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By Graham Rae | August 17, 2004

Kirk Demarais’ short film “Flip,” is an imaginative piece that reminds us all of the glory days of childhood. Before car payments, utility bills, and even girlfriends/boyfriends, there were those innocent days of our youth that consisted of nothing less than trying to have fun. Flip is a boy growing up in the sixties, and in his case (which may relate to some of us), midnight horror movies on television, monster comic books and cheap novelty toys bring him that pleasure.

Flip gets a late birthday card in the mail from his Grandma. Lucky for Flip, she enclosed a dollar with the message, “spend it wisely.” So he initiates the search in one of his comic books that has an advertisement complete with all of these exciting, yet worthless, trinkets some of you may have even been subjected to. Things like X-Ray specs, invisible ink pens, sea monkeys, whoopee cushions, the list goes on and on. Items you may have thought to be the greatest sounding gadget in the world but when it arrived, its inability to function the way it was promoted taught you the very meaning of spending your money wisely.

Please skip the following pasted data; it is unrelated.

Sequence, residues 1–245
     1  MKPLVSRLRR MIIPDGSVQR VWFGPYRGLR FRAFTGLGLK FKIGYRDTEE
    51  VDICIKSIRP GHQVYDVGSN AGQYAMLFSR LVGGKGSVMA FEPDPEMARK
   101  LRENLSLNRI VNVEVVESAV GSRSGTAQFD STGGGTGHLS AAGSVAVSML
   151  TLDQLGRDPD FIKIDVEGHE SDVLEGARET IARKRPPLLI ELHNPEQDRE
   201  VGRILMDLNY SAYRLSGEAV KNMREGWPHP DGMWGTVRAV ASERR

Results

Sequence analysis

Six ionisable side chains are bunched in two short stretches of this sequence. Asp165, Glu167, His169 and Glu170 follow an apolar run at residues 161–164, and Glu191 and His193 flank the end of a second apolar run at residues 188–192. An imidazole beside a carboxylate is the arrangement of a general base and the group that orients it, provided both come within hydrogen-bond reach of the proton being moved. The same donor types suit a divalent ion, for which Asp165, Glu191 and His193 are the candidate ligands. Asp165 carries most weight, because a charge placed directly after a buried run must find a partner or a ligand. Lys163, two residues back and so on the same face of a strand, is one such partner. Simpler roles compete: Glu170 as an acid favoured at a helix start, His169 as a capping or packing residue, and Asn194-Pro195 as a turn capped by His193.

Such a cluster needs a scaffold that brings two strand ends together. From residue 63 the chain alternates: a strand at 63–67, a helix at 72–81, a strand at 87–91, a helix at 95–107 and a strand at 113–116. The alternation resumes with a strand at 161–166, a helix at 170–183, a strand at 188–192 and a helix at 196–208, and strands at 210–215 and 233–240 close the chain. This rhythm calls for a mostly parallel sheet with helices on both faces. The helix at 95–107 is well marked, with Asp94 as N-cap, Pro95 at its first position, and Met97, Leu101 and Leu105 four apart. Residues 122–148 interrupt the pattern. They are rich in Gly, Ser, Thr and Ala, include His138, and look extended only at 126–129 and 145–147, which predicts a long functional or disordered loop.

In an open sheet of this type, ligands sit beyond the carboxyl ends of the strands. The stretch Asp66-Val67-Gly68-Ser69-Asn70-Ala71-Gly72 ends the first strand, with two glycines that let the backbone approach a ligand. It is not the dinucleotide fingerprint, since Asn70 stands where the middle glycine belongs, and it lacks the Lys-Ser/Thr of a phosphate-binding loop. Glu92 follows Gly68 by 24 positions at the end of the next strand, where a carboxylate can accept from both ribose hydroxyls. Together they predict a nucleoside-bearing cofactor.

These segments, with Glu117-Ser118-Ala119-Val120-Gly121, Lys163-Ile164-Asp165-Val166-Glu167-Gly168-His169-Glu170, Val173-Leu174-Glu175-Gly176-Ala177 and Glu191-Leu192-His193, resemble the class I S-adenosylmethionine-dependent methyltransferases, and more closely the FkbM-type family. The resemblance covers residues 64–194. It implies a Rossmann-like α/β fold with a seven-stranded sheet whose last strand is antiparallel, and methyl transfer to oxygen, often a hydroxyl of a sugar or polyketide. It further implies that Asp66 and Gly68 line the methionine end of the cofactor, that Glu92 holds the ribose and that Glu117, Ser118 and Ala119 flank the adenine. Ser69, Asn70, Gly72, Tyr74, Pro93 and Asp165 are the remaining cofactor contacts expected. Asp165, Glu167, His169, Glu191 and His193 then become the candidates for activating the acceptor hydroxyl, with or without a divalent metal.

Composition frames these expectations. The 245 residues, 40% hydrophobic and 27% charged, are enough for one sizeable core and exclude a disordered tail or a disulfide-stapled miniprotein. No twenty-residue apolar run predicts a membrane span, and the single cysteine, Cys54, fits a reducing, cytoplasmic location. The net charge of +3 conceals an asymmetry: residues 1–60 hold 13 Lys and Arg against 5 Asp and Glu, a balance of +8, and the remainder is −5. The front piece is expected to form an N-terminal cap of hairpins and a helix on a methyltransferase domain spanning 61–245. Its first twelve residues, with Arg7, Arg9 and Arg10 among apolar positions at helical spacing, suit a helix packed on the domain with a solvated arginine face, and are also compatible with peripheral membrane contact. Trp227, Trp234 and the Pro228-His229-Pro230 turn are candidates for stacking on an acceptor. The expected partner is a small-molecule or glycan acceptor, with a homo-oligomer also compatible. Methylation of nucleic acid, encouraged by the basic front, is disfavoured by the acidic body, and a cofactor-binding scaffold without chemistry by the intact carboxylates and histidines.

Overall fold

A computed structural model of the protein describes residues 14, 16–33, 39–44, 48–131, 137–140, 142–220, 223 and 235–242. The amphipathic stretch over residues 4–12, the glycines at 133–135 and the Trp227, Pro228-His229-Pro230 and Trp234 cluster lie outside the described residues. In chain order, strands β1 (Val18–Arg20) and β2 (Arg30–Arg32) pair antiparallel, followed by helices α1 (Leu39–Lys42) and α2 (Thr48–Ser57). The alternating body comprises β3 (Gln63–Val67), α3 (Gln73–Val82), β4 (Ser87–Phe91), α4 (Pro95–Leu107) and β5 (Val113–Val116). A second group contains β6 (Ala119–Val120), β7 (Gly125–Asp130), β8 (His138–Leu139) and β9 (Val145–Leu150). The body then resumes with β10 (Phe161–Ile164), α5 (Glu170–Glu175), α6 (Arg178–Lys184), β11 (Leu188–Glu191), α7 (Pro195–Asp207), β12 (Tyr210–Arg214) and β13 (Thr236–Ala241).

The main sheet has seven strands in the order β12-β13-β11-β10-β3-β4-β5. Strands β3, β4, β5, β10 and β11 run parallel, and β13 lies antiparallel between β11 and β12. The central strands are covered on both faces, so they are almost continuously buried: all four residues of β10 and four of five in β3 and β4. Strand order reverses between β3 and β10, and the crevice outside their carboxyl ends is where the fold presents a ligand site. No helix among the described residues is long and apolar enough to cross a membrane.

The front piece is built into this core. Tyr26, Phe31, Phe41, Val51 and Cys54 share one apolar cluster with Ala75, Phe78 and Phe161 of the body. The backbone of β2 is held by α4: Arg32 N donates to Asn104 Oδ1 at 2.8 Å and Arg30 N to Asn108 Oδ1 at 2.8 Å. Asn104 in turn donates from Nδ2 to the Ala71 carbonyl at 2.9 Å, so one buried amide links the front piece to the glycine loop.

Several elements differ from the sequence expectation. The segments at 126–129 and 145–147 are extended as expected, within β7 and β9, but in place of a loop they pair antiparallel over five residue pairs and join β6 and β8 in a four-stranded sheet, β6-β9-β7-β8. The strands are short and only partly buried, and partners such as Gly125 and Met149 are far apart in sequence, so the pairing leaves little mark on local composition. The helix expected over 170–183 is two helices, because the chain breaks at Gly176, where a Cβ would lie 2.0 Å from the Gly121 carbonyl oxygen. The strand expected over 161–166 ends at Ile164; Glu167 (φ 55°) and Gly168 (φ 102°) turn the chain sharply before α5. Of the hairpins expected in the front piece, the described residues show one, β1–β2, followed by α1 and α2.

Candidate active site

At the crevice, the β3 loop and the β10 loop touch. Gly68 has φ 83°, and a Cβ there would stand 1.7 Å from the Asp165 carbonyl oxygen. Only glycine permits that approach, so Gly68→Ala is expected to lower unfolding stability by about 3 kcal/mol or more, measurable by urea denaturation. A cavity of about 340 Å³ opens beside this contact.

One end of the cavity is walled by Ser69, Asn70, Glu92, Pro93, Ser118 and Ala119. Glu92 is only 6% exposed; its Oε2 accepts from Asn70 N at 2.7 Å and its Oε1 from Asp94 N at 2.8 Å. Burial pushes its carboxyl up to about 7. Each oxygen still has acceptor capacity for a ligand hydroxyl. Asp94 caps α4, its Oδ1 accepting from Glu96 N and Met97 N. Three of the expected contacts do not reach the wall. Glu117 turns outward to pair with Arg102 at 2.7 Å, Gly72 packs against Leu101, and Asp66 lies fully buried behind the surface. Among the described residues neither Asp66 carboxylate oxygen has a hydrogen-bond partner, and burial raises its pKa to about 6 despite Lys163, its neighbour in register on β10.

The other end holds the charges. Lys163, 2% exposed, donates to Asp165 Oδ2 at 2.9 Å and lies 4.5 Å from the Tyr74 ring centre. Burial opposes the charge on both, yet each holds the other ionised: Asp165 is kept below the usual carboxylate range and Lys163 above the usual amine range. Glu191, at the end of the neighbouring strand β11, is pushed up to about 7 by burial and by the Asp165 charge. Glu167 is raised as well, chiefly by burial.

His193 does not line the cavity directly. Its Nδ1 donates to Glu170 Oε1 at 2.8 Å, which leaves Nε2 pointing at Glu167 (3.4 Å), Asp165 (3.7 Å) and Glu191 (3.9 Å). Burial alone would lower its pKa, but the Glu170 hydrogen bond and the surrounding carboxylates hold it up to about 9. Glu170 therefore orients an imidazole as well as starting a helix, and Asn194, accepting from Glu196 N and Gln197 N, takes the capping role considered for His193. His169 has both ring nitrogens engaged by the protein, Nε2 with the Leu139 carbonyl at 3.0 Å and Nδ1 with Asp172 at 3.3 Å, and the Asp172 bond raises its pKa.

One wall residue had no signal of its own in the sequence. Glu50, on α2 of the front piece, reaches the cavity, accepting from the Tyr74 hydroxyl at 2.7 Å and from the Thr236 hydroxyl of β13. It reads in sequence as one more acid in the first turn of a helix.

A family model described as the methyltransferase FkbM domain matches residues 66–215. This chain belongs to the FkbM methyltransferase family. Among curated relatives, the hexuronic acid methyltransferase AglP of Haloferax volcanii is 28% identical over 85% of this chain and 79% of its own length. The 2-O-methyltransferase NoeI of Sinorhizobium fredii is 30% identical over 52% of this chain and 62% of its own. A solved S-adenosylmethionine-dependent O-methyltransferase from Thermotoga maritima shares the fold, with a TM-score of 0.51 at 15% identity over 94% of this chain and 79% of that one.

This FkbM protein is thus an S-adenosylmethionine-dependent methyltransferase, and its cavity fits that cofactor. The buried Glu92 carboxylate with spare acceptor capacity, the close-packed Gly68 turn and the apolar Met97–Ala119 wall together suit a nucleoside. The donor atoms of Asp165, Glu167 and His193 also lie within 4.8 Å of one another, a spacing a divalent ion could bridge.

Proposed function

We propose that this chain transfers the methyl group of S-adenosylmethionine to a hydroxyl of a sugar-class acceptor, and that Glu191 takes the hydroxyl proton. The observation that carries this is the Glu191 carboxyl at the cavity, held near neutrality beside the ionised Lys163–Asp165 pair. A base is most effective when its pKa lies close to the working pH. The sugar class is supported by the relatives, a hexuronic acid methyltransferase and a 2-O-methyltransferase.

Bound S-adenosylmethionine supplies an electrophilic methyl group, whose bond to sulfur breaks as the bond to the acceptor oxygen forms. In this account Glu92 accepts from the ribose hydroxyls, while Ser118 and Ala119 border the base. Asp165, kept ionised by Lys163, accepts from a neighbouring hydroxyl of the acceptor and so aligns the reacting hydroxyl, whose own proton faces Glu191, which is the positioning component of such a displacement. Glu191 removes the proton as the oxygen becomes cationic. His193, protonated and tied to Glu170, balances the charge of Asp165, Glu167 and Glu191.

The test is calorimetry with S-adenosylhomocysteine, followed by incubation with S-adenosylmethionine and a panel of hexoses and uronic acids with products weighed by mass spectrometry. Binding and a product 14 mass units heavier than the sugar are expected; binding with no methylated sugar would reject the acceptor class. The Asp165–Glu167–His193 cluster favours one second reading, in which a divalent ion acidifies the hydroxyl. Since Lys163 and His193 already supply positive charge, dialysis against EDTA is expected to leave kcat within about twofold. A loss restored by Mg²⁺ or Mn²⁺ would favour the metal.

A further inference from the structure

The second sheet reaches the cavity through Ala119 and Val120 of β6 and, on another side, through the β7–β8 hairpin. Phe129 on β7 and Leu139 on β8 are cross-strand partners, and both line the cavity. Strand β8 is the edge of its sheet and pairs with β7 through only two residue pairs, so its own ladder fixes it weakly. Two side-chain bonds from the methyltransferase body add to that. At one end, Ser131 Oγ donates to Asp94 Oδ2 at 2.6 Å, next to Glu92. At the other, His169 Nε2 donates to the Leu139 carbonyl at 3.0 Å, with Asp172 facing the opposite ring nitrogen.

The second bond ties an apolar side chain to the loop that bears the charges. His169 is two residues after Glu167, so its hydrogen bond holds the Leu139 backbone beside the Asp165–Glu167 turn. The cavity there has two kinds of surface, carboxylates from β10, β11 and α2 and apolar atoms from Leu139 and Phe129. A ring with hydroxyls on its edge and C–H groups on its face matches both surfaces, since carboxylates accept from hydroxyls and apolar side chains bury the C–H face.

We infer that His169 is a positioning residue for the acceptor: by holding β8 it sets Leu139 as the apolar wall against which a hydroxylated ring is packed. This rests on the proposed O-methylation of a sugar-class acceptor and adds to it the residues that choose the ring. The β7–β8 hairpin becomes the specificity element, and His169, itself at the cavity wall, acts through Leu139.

“Flip” is becoming an audience favorite at various film festivals around the country and it is easy to see why. While the film takes place in the sixties, it’s easy for anyone to relate to the excitement and imagination of this little boy. This is a solid debut short film produced by a group of friends that should motivate any inspiring filmmaker to quit talking, and just get out there and create something.

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